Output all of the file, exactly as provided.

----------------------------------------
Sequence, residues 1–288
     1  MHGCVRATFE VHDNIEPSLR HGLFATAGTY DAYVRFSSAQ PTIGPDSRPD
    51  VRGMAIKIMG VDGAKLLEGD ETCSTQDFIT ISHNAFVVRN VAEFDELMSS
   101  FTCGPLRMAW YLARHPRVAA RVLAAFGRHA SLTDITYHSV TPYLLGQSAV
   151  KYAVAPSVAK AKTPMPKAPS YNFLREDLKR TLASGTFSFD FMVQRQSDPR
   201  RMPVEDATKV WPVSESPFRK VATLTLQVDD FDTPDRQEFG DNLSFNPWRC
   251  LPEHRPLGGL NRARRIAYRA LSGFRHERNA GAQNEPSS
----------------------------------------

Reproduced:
Sequence, residues 1–288
     1  MHGCVRATFE VHDNIEPSLR HGLFATAGTY DAYVRFSSAQ PTIGPDSRPD
    51  VRGMAIKIMG VDGAKLLEGD ETCSTQDFIT ISHNAFVVRN VAEFDELMSS
   101  FTCGPLRMAW YLARHPRVAA RVLAAFGRHA SLTDITYHSV TPYLLGQSAV
   151  KYAVAPSVAK AKTPMPKAPS YNFLREDLKR TLASGTFSFD FMVQRQSDPR
   201  RMPVEDATKV WPVSESPFRK VATLTLQVDD FDTPDRQEFG DNLSFNPWRC
   251  LPEHRPLGGL NRARRIAYRA LSGFRHERNA GAQNEPSS